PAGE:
|Home | About | Journals | Submit | Contact Us | Français|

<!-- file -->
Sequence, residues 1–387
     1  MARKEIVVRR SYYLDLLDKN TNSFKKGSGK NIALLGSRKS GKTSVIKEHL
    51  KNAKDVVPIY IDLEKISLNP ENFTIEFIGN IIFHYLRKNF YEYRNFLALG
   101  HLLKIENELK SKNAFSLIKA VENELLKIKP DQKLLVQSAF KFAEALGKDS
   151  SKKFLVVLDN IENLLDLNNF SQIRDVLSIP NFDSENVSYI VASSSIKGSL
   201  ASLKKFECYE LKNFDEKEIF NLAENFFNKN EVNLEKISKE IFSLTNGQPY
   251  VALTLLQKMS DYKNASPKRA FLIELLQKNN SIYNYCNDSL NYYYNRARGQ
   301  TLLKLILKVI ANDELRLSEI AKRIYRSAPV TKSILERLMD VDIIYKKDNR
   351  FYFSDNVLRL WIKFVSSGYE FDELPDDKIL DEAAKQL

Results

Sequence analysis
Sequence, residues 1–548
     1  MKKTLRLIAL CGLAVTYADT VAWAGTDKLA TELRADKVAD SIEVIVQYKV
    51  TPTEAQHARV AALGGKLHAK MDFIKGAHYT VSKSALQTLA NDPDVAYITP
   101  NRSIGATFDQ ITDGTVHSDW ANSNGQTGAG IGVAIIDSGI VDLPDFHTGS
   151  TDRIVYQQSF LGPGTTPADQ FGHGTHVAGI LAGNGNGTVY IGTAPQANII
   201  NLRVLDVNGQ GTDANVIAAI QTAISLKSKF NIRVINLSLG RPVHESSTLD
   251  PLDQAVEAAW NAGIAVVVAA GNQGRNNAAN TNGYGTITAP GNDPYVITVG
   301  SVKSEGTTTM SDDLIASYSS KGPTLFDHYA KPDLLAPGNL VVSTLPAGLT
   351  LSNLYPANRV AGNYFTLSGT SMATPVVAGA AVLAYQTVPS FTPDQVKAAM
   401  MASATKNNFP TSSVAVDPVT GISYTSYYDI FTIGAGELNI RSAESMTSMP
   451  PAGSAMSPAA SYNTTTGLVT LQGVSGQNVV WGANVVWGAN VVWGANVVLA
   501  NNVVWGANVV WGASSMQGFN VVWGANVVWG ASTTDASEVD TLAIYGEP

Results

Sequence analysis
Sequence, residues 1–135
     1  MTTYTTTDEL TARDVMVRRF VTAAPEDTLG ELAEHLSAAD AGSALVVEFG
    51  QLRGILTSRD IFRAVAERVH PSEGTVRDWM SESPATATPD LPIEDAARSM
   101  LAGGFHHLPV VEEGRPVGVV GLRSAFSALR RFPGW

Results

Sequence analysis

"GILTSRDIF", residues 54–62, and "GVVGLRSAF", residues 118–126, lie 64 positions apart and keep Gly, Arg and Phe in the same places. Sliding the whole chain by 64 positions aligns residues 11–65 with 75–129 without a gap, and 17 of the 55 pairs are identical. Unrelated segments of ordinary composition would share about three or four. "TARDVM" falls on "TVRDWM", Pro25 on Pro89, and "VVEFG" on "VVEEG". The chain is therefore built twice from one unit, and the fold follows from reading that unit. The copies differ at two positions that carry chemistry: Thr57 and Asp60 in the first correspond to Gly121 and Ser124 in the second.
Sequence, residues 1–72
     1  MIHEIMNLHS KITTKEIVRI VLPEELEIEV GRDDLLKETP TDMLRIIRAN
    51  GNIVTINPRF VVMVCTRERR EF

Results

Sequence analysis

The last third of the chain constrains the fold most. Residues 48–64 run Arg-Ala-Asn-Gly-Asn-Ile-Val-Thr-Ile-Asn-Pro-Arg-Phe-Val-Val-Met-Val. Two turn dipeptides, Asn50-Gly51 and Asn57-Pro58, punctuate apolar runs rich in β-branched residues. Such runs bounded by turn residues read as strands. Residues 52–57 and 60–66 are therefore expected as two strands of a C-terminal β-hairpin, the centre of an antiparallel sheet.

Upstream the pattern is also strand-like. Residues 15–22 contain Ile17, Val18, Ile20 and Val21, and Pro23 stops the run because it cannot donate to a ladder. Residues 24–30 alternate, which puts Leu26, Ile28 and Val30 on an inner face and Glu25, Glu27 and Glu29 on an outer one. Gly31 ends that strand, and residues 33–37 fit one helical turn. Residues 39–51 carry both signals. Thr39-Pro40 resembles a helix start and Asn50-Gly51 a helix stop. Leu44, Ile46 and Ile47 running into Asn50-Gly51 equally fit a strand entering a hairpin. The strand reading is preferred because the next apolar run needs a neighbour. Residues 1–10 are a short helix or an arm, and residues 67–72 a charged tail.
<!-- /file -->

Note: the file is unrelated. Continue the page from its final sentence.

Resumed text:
Between 1 July 1970 and April 1971, in many hospitals in this country, there were outbreaks of nosocomial septicemia caused by Enterobacter cloacae of E. agglomerans (formerly Erwinia, herbicola-lathyri). All of these hospitals used infusion products manufactured by one company, Abbott Laboratories, and all affected patients had onset of septicemia while receiving the company's infusion products. Septicemia was epidemiologically and microbiologically traced to intrinsic contamination of the company's screw-cap closure for infusion bottles which was sealed with a newly introduced elastomer liner. Epidemic organisms were isolated from these closures. Investigations both in the laboratory and in the manufacturing plant into the mechanism of contamination of these products revealed the following. (i) Epidemic strains were present in numerous areas throughout the manufacturing plants. (ii) Viable microorganisms gained access to the interior of screw-cap closures after the autoclave step of production. (iii) Cooling closures actively drew moisture through the thread interstices into the inner-most depths of the closure. (iv) Transfer of contaminants from closures to fluid was easily effected by simple manipulations duplicating normal in-hospital use. (v) The red-rubber liner used in the company's screw-cap closures before the introduction of elastomer contained a broad-spectrum antimicrobial inhibitor. The findings from this epidemic and the associated studies show that the screw-cap closure as it is now designed cannot be considered secure for products that must remain sterile.